Desperate Souls, Dark City, and the Legend of Midnight Cowboy DVD Review

We always get typical making-of documentaries about movies and how they get made; we don’t usually get those that emphasize the time and culture in which they depict too often, and in many ways (for better and worse) late filmmaker, producer, and photographer Nancy Buirski’s Desperate Souls, Dark City, and the Legend of Midnight Cowboy (2022) just might be the first and most ambitious one of its kind that I’ve ever seen.

The late, great John Schlesinger’s gritty and controversial 1969 masterpiece Midnight Cowboy was the first (and only) X-rated film to ever win a Best Picture Academy Award and paved the way for a new, modern type of filmmaking. But that’s only a piece of the cinematic pie of why it remains one of the greatest films ever made.

More a document of a changing time than the making of a movie classic, Desperate Souls displays a troubling, dangerous, and nightmarish New York City (showcased in Midnight Cowboy) steeped in misery, drugs, political upheaval, violence, depravity, prostitution, and war. The subject of homosexuality plays a very big part in it, especially when it talks about Schlesinger’s coming-of age and living as a gay man coming to New York from London to make the film, and its subject matter.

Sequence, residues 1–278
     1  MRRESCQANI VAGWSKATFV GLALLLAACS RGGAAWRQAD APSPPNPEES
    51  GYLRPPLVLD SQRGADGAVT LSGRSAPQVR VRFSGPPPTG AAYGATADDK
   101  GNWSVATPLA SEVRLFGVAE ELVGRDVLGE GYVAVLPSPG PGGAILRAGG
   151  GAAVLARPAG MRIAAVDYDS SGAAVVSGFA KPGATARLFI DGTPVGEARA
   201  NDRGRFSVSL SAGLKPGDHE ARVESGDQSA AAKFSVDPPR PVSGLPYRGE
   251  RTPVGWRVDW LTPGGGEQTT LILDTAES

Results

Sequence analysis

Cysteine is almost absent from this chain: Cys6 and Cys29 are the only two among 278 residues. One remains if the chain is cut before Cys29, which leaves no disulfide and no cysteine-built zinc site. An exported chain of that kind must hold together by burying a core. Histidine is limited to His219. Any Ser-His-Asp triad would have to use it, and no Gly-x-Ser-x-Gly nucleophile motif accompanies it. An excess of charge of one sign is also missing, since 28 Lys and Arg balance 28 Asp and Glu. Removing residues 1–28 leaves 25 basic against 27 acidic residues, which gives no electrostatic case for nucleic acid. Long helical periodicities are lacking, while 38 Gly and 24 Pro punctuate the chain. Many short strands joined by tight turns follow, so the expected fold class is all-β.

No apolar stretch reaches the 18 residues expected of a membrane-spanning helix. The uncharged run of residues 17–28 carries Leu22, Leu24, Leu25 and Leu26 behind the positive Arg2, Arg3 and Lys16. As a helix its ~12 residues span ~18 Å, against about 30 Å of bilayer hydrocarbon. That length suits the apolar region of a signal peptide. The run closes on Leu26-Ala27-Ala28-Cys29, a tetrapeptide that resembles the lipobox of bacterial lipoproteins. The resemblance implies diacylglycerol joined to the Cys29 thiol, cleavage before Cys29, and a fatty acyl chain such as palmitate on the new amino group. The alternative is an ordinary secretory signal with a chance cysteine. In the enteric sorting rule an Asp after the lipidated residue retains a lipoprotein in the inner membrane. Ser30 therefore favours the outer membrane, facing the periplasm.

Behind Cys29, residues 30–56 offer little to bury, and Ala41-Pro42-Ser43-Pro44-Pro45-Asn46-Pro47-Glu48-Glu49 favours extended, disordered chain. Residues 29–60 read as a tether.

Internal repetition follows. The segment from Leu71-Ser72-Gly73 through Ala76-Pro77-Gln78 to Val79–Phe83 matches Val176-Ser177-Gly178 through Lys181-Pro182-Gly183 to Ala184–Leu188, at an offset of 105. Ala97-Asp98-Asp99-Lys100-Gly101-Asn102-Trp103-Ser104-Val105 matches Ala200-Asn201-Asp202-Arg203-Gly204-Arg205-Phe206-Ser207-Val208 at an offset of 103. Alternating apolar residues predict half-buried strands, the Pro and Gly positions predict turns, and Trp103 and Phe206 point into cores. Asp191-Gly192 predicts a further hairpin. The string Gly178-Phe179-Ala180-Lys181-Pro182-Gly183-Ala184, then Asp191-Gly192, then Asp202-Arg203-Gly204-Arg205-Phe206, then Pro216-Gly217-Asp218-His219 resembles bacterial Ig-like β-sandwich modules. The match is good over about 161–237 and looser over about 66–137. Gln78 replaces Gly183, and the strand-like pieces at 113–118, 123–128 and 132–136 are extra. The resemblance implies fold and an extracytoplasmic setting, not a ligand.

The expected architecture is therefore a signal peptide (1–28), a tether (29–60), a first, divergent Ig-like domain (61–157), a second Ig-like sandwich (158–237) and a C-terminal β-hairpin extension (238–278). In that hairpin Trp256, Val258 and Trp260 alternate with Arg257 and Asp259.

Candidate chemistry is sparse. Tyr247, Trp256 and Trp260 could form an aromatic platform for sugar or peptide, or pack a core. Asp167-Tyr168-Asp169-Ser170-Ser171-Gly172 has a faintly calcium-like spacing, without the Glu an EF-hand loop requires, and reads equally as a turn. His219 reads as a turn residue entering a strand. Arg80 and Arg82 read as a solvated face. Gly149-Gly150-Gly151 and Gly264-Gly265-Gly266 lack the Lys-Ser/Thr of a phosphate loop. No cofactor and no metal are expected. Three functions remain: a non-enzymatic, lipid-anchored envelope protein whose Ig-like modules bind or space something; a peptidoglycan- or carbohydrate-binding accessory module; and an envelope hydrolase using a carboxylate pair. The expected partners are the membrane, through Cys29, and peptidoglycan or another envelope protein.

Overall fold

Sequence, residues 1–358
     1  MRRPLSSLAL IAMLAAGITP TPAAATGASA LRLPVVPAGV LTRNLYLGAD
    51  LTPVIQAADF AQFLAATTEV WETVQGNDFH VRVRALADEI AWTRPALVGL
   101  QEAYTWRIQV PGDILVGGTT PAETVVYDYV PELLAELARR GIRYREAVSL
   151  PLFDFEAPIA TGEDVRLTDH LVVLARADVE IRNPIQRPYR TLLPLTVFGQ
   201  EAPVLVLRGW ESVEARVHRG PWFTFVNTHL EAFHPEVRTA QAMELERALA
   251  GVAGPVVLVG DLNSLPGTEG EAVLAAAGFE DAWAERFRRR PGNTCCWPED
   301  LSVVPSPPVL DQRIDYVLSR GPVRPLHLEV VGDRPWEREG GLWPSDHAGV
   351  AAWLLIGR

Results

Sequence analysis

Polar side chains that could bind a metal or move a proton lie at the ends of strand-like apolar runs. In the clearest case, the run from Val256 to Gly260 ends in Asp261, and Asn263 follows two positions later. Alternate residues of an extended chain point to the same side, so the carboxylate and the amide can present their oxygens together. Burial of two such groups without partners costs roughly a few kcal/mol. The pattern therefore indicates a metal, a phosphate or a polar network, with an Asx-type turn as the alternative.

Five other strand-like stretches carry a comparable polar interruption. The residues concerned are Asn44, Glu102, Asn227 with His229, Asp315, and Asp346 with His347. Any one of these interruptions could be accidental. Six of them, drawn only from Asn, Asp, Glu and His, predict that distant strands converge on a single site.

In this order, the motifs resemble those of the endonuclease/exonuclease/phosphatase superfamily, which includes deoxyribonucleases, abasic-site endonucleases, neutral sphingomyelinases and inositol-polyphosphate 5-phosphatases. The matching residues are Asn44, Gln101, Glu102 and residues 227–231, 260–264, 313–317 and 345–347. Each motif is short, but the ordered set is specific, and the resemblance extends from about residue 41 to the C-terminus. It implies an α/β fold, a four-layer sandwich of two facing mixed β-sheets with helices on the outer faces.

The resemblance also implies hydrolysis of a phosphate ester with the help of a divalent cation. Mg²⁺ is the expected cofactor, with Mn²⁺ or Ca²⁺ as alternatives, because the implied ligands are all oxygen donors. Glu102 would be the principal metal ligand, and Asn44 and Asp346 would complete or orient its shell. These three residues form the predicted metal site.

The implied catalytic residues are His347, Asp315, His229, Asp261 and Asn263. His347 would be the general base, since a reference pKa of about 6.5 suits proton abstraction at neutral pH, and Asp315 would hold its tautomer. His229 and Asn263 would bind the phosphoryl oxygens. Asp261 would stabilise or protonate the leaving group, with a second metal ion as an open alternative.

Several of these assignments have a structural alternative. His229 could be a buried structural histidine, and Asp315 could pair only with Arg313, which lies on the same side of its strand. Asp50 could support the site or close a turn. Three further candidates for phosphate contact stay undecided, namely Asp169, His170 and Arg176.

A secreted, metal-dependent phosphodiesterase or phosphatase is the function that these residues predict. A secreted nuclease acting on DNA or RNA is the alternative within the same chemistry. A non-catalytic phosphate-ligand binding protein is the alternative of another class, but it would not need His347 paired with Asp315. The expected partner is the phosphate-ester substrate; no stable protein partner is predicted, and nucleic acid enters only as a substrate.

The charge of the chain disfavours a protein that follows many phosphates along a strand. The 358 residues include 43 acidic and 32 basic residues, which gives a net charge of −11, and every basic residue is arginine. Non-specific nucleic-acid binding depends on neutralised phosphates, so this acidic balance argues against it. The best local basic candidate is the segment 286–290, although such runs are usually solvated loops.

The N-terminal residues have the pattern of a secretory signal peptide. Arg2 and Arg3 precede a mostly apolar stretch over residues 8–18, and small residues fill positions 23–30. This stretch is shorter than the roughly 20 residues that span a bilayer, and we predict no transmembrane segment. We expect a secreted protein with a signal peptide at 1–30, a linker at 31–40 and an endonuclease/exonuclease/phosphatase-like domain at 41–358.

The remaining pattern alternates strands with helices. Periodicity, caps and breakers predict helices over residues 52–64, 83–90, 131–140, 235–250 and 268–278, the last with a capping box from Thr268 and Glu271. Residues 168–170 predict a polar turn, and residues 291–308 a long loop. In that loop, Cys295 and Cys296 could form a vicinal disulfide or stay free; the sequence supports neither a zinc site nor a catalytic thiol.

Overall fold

There are audio clips of Schlesinger, screenwriter Waldo Salt, and co-star Dustin Hoffman, which is nice and informative. There are also great interviews and facts from several cast members: Brenda Vaccaro, Bob Balaban, and Jennifer Salt, as well as critics Lucy Sante and Jim Hoberman, who really have particularly intelligent things to say about how New York really was during the ’60s and the Vietnam War (which is shown in despairing detail).

It’s not a perfect watch, and I could have done without Jon Voight. Being a MAGA and right-wing maniac has taken a lot of his legacy and impact away, so I cringed every time he was onscreen, which is a problem now when I watch Midnight itself. Despite that, Desperate Souls is a genuine, mostly thoughtful, must-see, deep dive for fans of Midnight Cowboy, cinephiles in general, and people interested in cultural history.

Special features include an extended interview with Adam Holender, cinematographer of Midnight Cowboy; and trailer.

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